Consumer sensors―wearables―were falling toward the Trough of Disillusionment in Craig Lipset’s view of the Hype curve. Lipset and many others at SCOPE are still hopeful about the role of wearables in clinical research, but don't believe the future will lie with commercial devices.

Instead, trials should look to research-grade devices optimized for specific conditions, according to Steven Nathasingh of the Floida-based consultancy Vaxa. Nathasingh relayed surveys of principal investigators and other trial administrators of neurological trials. 97% believed that wearables were useful to their clinical trials, but the landscape of devices considered was extremely fragmented. The survey listed ten devices, and yet 48% of respondents reported using a device not listed.

We can’t eat an elephant in one bite, Nathasingh said. A Fitbit is not the answer; we need to use specific devices designed to deliver “digital biomarkers” for specific conditions. 

News and Notes from the Expo Floor 

Several SCOPE exhibitors made announcements, with new products and collaborations being announced across the floor. Here are a few highlights from our notes:

HealthCarePoint announced BlueCloud 2.0, an update to the networking technology focused on common shareable directories application and common shareable education standards. The new version will revolutionize health collaboration, promised Al O. Pacino, HealthCarePoint’s president. BlueCloud is a free platform that allows organizations to connect and share verifiable information between healthcare and clinical research organizations and their stakeholders via a private secure network. HCP currently provides networking technology to nearly one million healthcare and clinical research professionals, dozens of national and international entities including 42 pharma, biotech, medical device sponsors, 14 clinical research organizations (CROs), 8 IRBs and thousands of healthcare provider organizations, Pacino said.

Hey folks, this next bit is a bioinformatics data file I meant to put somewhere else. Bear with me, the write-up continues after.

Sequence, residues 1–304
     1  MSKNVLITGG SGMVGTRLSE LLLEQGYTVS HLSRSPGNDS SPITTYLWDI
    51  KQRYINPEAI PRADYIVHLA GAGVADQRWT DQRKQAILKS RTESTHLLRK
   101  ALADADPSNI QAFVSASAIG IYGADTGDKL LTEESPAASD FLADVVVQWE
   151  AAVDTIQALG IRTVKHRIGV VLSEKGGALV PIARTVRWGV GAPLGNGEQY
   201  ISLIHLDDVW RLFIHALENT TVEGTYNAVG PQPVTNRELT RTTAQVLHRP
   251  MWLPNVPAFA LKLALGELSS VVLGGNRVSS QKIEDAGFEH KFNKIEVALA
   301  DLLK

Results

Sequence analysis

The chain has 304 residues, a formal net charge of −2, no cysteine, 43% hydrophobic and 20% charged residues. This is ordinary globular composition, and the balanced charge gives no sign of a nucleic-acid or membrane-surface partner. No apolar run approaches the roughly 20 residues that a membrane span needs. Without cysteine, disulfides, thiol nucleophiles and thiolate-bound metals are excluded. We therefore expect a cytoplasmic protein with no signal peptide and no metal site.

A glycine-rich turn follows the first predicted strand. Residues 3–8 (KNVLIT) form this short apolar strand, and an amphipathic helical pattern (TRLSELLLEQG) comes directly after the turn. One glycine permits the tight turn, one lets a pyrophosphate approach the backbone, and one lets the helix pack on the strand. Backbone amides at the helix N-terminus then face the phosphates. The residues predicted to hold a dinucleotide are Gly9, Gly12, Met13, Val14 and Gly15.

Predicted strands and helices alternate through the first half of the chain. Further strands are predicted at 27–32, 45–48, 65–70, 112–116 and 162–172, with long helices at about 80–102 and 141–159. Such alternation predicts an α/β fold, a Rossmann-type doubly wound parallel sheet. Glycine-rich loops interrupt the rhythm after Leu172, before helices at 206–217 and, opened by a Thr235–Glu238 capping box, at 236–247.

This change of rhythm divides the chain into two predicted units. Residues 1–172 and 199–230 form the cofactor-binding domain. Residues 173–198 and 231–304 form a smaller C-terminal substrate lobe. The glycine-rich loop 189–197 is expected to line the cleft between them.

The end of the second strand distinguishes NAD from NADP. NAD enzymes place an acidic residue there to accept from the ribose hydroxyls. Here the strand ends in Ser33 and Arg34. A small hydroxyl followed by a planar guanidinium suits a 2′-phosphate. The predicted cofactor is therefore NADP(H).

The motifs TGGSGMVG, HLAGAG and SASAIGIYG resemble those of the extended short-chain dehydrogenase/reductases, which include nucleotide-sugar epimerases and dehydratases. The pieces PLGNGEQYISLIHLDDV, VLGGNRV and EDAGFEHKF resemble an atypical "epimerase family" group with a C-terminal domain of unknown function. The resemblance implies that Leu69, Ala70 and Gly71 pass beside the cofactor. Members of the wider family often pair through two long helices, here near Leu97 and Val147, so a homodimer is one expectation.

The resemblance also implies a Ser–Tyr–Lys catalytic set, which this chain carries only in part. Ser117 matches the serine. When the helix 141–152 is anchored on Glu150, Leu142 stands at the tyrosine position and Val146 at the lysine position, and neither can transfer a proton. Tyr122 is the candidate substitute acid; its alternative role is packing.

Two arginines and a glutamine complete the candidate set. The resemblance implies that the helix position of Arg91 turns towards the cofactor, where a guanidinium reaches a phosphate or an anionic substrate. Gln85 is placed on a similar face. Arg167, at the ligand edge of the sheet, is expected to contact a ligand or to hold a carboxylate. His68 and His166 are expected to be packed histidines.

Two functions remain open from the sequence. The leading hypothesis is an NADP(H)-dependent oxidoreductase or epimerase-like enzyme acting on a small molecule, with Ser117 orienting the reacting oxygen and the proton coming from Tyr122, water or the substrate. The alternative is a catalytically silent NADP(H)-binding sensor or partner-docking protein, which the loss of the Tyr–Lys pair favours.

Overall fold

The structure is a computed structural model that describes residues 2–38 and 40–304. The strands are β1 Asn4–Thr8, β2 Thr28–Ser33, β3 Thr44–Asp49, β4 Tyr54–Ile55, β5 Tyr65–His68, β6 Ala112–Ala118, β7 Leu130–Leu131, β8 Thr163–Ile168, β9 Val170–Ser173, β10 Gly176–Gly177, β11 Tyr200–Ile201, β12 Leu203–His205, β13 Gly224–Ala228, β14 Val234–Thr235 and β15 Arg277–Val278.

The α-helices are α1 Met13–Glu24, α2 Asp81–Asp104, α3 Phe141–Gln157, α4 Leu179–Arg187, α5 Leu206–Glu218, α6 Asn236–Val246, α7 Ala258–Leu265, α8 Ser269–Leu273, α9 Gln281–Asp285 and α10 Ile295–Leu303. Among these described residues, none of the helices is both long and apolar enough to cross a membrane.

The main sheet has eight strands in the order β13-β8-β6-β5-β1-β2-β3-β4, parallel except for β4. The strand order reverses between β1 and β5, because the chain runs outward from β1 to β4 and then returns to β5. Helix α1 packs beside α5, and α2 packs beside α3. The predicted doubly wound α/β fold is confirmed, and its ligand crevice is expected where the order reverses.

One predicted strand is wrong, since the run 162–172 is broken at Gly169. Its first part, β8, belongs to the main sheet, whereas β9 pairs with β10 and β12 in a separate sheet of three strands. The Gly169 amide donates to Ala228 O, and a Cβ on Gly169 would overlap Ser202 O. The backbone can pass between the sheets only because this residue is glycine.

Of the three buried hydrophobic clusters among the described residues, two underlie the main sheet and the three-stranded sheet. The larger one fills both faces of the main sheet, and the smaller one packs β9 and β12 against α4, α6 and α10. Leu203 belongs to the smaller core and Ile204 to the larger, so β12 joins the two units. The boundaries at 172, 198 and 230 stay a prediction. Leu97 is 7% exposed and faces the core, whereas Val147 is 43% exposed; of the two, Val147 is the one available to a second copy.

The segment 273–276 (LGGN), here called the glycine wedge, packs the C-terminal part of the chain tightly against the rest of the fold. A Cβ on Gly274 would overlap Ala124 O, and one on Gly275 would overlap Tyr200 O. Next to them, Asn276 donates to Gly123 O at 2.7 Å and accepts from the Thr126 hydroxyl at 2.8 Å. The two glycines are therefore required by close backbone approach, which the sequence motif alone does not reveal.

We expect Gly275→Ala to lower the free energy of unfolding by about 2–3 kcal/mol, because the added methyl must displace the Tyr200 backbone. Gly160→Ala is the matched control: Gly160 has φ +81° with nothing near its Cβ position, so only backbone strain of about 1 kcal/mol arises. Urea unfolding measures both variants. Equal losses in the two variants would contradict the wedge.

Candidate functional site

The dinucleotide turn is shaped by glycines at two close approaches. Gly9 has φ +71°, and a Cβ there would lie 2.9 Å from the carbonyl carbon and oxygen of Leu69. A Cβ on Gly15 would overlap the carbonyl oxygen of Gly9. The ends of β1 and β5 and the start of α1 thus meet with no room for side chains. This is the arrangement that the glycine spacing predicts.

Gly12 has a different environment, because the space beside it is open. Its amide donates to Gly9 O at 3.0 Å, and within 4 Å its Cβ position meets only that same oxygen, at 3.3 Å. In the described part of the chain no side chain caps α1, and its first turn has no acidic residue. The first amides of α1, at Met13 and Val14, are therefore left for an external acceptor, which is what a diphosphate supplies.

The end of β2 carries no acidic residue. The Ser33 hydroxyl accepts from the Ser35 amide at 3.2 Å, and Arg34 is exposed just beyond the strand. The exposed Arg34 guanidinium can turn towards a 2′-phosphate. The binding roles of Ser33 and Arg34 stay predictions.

BioClinica was excited to discuss the CRO Alliance the company announced in late 2015. The industry so often focuses on sponsors, said Jason Attanucci, Director of CRO business development. BioClinica’s CRO Alliance was created to specifically meet the needs of CROs. The goal of the alliance is to accelerate the adoption of industry-leading eHealth solutions by CROs. 

DrugDev announced the company’s new site selection module at a luncheon presentation on Wednesday. The module builds on TrialNetwork technology to deliver fast and reliable site activation with a single sign-on, sophisticated permissions dashboard.

Comprehend Clinical published its Benchmark Report this week. Based on a survey of over 300 clinical operations professionals, the report highlights challenges facing ClinOps leaders. Among the findings, 80% of the survey respondents said they regularly miss milestones, and every respondent reported spending money to improve milestone achievement. More than half of the respondents reported that their primary clinical operations decisions support system is a spreadsheet, used to keep track of data coming from disparate systems. The main challenges the report highlighted are enrollment, site productivity, and subject compliance.